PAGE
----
ANN ARBOR — The future of body armor might be silk spun by silkworms that has the amazing strength of spiderwebs.
Ann Arbor-based Kraig Biocraft Laboratories Inc. (OTC: KBLB), the company that has bred genetically engineered silkworms with spider genes, resulting in super-strong silk, announced Monday it has shipped panels of its Dragon Silk material to the United States Army for ballistic testing.
The company says the panels will be evaluated for effectiveness in stopping bullets, in an effort to provide U.S. warfighters with a lighter and more comfortable alternative to today’s protective apparel.
Kraig officials say their method of developing “spider silk” is different from its competitors in that its genetically engineered silkworms can be used in the existing silk production industry, which churns out more than 150,000 metric tons of silk a year.
And, they say, unlike synthetic body armor materials, such as Ultra High Molecular Weight (UHMW) polymers or aramids, spider silk is extremely flexible, making it more comfortable and providing higher mobility and movement for the wearer. Spider silk is also biocompatible, making it ideal for skin contact applications, and biodegradable, reducing the environmental burden of the current synthetic materials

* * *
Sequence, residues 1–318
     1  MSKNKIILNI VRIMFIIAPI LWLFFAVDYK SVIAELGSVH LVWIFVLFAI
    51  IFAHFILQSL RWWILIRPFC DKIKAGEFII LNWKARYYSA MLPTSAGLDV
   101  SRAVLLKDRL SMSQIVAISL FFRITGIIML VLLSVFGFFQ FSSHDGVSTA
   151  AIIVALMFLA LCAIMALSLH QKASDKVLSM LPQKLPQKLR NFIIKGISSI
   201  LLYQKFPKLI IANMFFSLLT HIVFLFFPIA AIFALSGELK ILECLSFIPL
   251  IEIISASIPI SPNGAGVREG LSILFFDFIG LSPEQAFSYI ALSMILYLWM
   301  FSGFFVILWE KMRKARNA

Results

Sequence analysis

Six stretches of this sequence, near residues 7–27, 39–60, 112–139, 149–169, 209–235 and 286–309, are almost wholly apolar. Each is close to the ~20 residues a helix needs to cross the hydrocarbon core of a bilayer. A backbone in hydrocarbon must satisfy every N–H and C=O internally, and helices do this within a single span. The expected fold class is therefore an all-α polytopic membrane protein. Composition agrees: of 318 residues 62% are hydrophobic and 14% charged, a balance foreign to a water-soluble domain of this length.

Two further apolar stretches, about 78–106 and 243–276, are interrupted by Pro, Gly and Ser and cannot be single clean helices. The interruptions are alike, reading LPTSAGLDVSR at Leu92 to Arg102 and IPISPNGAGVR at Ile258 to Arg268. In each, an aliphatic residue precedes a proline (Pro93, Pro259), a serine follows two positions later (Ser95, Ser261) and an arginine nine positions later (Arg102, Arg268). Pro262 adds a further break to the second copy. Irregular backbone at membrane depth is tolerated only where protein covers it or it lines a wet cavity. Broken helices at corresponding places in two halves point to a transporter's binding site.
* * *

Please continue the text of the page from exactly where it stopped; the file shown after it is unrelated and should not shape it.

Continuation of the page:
“After years of research and investment, developing this ground breaking technology, we are very excited to now see it in the hands of the U.S. Army,” said Kraig COO Jon Rice. “For me, personally, and for the Company, the opportunity to help protect the brave men and women whom dedicate themselves to our protection is a great honor.”
In a bit of irony, the company has opened its first production center in Vietnam, aiming to expand its production of Dragon Silk and other recombinant spider silk products.
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